Beloit’s curricular breadth requirements encompass the five domains. These domains are categories that outline the focus of the courses within them. Students enjoy a tremendous amount of freedom to explore areas of interest while completing their five required courses – one in each of the five domains - during their first four semesters.
These courses, among other things, provide the foundations for communication and discourse, for scientific inquiry, and for reasoning itself. The focus of Systems courses is on these foundational concepts, as well as the many rules and principles that govern their systemic relationship and application. Within this domain, students develop an applied, working knowledge of the various relational principles that govern a foundational system (e.g. calculus, math, music theory, logic, modern and classical languages).
Courses in this domain engage students’ mastery of techniques and sharpen their aptitude for creative abstraction and its use in the imaginative process. The goals of courses in this domain include instructing students on approaches and techniques used for creating conceptual material for an audience, introducing standards of creative practice, training students on observation and critique of their own and others’ work, and cultivating technical proficiency necessary for the creative discipline (e.g. computer visualization, entrepreneurship, dance technique, visual arts, music technique, creative writing, theatre).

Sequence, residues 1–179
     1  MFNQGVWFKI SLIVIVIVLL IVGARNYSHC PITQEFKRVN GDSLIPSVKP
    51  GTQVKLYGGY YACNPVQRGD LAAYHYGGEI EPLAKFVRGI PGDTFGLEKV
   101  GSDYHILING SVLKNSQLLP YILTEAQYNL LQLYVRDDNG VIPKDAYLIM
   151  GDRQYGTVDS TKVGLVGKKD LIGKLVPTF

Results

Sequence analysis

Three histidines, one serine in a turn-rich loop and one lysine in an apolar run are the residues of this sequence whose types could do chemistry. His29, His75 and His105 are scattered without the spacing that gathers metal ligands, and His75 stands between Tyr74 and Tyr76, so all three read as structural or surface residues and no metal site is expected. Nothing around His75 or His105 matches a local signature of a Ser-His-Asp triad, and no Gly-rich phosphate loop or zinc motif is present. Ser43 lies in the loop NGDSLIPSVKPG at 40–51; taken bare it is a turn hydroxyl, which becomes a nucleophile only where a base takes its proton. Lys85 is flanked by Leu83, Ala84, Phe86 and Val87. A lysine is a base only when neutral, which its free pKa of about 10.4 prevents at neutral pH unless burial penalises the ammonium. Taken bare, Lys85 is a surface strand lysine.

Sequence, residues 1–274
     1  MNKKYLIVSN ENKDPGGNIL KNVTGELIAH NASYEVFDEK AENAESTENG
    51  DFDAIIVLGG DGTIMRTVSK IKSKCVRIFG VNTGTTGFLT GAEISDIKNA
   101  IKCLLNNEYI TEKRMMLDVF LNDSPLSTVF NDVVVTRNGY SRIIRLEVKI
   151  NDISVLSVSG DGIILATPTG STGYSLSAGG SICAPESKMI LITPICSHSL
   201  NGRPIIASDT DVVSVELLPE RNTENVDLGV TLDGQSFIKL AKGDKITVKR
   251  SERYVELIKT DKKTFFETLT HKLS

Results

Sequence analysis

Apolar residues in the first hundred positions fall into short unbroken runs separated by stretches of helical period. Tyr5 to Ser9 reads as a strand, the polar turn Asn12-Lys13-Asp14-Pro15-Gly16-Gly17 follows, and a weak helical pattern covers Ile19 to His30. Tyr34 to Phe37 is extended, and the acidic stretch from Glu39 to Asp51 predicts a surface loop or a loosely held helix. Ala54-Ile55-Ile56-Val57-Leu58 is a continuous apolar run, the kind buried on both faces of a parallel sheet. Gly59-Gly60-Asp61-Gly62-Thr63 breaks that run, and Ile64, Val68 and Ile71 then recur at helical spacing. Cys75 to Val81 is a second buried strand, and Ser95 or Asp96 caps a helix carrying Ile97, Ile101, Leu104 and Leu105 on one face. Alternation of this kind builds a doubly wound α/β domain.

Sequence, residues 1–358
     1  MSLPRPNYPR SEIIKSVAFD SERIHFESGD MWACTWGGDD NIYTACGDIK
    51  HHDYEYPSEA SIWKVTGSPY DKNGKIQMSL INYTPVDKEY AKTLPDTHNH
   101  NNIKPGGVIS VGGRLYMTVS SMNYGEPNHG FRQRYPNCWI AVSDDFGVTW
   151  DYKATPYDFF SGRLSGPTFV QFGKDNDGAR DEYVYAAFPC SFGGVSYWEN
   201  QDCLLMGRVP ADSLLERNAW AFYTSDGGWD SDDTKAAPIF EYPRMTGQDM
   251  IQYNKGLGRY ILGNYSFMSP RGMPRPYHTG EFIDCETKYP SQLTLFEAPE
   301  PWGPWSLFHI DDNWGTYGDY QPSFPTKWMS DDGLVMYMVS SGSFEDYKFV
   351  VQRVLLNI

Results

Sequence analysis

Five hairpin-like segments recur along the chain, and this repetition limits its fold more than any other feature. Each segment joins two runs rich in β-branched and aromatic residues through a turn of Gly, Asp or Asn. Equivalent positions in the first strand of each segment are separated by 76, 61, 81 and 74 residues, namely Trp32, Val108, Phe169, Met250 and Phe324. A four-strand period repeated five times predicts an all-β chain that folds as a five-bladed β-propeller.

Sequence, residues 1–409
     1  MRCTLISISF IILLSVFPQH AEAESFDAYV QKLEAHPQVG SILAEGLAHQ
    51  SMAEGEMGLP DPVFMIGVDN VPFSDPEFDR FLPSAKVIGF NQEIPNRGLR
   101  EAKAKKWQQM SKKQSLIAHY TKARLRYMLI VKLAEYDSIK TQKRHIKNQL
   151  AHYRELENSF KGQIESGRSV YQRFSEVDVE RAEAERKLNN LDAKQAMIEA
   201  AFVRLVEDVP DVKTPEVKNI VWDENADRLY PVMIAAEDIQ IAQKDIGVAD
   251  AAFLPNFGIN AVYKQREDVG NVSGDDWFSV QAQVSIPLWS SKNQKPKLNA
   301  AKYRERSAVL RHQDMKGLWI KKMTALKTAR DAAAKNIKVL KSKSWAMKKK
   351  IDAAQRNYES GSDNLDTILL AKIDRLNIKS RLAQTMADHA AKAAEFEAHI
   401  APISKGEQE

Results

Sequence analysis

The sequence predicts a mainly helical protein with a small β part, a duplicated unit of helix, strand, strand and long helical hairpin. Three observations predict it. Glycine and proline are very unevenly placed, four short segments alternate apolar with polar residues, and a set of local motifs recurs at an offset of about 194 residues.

social analysis of human behavior
Students explore approaches and models that enhance our understanding of human behavior within a variety of cultural and social contexts, both contemporary and historical. These courses may also address the implications of social science research for public policy formation (e.g. history, anthropology, religious studies, economics, political science).
scientific inquiry into the physical and biological universe
In these courses, students formulate and test hypotheses about the physical and biological universe by gathering, analyzing, and interpreting empirical data in laboratory and/or field settings. Students develop abilities to evaluate scientific evidence and may also develop an understanding of the applications of science for local, national, and global issues (e.g. physical and biological sciences, biologically oriented anthropology and psychology).
textual cultures and analysis
This domain concerns the study and critical analysis of texts. Courses in this domain examine the connections and coherence between the discourse and contexts from which it stems. Students learn how to engage texts, both as reader and respondent, and they develop the interpretative and analytic skills necessary for responsible engagement with texts (e.g. literature, philosophy, history, social sciences).